Widgets Magazine
  • Tour of First National Center reveals more details on redevelopment

    A recent tour of First National Center with new owner and developer Gary Brooks revealed more about the massive renovation that will see the historic structure converted to a boutique hotel, apartments and commercial space.

    Work has just started to clear debris and the next step is to remove asbestos from the complex before any serious construction can begin.

    Standing in the glorious Great Banking Hall, Brooks said over $5 million will be spent in that area alone.

    Tests have been conducted on the various marble and painted surfaces to determine the safest and most effective way to remove almost 100 years of grime, much of it from smoking which was allowed in the structure up until the last few decades.

    Brooks pointed to several spots on the walls that has been cleaned and the contrast was quite noticable.

    Every surface in the hall will be painstakingly cleaned by experts, then sealed for future protection.

    The elaborate wall murals will be cleaned in place and the intricate painted ceilings will be methodically restored.

    Also, the massive skylight that spans the center of the hall will be made operational.

    Due to leaks, the huge glass structure was covered sometime in the 60's and then illuminated with artificial light.

    Part of the renovation will involve removing that cover, restoring all the glass and steel in the skylight, and once again letting natural light flood the space.

    The banking hall itself will be the lobby for hotel and apartments and will include a cafe on the south end, behind the existing teller windows and through the glass doors behind. Brooks has been soliciting input to name the cafe and will later announce the selection.

    On the north end of the hall will be a cocktail bar which will serve guests and visitors. As the space will be available for private events such as weddings, the bar will be configured to also serve event space just to the east of the lobby area.

    As you pass through the art deco metal doors of the main west entrance, the escalators and stairs taking you up to the Great Banking Hall will remain, as will the half flight of steps taking you down to the massive basement area.

    In that lower level, the huge vault will be transformed in to a dinner restaurant, which several bars of its own.

    The existing vault rooms, doors and gates will all remain to lend character to a unique dining experience. The old stalls for viewing safe deposit boxes will be converted to booths.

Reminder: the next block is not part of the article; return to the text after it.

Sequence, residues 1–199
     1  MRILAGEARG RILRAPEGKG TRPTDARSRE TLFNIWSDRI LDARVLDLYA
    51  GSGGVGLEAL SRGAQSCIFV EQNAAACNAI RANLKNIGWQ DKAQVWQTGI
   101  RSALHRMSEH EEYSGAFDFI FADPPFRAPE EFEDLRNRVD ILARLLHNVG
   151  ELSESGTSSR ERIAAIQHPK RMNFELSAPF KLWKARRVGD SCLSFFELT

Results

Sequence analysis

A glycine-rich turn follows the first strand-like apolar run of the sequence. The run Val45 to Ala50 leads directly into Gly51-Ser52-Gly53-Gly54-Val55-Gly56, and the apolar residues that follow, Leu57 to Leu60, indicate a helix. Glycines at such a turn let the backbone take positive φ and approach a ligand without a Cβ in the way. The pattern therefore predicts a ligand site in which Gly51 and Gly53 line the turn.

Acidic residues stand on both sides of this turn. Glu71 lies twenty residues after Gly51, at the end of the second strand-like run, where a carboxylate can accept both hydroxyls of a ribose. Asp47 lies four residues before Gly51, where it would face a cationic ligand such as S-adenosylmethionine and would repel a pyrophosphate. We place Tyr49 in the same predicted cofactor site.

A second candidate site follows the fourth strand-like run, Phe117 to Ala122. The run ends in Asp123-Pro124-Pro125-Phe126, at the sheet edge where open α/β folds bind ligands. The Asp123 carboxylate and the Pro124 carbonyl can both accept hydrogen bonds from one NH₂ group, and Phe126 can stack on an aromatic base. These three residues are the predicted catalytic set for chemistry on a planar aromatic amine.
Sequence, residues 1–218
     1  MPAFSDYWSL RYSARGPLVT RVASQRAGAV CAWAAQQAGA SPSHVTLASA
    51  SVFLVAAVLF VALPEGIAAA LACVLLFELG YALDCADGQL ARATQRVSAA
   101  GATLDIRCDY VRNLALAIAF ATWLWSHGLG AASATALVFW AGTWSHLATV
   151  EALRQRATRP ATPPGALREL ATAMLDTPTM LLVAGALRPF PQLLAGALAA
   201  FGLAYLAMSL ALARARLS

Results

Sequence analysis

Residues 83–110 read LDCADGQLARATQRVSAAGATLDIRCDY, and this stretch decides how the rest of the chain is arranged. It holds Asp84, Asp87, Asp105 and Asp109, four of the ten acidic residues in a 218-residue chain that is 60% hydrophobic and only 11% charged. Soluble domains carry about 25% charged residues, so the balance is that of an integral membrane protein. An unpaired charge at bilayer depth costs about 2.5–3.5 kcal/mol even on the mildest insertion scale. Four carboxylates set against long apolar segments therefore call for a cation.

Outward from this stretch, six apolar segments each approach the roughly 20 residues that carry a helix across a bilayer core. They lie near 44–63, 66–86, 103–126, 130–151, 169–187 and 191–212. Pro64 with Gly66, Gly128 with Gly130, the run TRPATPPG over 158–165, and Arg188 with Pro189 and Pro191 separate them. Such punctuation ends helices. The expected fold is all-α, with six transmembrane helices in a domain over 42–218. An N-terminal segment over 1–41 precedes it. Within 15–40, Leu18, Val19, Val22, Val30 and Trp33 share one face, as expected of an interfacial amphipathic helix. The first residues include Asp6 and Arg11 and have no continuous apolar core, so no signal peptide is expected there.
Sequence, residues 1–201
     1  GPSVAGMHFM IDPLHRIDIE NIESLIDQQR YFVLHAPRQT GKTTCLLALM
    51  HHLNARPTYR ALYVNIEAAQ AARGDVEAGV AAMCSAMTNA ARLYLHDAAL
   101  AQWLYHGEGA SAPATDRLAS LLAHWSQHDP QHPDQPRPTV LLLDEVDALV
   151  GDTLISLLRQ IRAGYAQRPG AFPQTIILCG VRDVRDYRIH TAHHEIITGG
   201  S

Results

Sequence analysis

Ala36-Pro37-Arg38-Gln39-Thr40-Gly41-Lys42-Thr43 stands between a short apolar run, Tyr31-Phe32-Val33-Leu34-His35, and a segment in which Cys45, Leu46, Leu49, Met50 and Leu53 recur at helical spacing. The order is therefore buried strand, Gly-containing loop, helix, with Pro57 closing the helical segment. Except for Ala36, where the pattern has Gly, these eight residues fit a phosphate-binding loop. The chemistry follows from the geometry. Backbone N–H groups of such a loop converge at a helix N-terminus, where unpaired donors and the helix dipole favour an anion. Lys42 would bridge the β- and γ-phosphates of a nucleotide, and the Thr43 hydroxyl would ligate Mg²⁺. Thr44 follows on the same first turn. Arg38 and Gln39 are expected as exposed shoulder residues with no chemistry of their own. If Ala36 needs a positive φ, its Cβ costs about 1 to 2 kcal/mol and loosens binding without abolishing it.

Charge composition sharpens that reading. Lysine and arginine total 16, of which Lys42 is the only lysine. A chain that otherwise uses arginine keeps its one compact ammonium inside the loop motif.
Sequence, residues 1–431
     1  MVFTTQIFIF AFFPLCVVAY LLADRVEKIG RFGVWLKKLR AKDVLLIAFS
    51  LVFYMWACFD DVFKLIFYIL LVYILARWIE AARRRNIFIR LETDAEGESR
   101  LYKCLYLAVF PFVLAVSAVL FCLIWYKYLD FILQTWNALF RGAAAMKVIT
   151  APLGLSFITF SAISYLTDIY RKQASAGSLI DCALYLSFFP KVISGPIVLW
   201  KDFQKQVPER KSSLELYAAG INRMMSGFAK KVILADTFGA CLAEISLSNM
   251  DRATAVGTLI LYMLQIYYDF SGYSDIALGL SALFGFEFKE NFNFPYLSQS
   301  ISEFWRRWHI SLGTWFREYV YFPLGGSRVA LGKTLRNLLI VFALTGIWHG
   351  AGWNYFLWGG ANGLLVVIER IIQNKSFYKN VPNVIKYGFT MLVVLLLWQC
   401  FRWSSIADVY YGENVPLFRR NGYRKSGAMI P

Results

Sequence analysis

Brooks said his team identified hundreds of similar projects then physically toured many around the country to learn as much as possible and to benefit from creative adaptation.

    Above the main public spaces on floors 2 through 8 would be the hotel, 149 rooms to be operated by Coury Hospitality, which currently runs the historic Colcord and Ambassador hotels in Oklahoma City.

    The former Beacon Club on the 31st floor is envisioned as a grand hotel suite.

    The very top floor the 33rd will likely become a bar.

    200 apartments would be above the hotel floors.

    Two levels of commercial space will run along Park Avenue and the old First National internal arcade will be largely maintained.

    With parking at an extreme premium in the middle of the central business district, the plan is to convert the 1950's Center Building into a massive parking structure that will be directly accessible from the rest of the complex.

    The garage will retain the facade along Park Avenue but the East Building, built in the 70's and fronting Broadway, will be completely razed to create a ramp structure for the new parking.

    When asked about the ability of the office floors of the Central Building to support the heavy load of cars, Brooks pointed to a massive array of moving file storage that Devon Energy had installed in that same building before relocating to its new headquarters. The point being that that weight was much more concentrated than auto parking and that in general, office floors are engineered to handle a higher load than parking garages.

    Various details are still taking shape and may change over time but the entire renovation will take two to three years before the entire complex once again is open for business.

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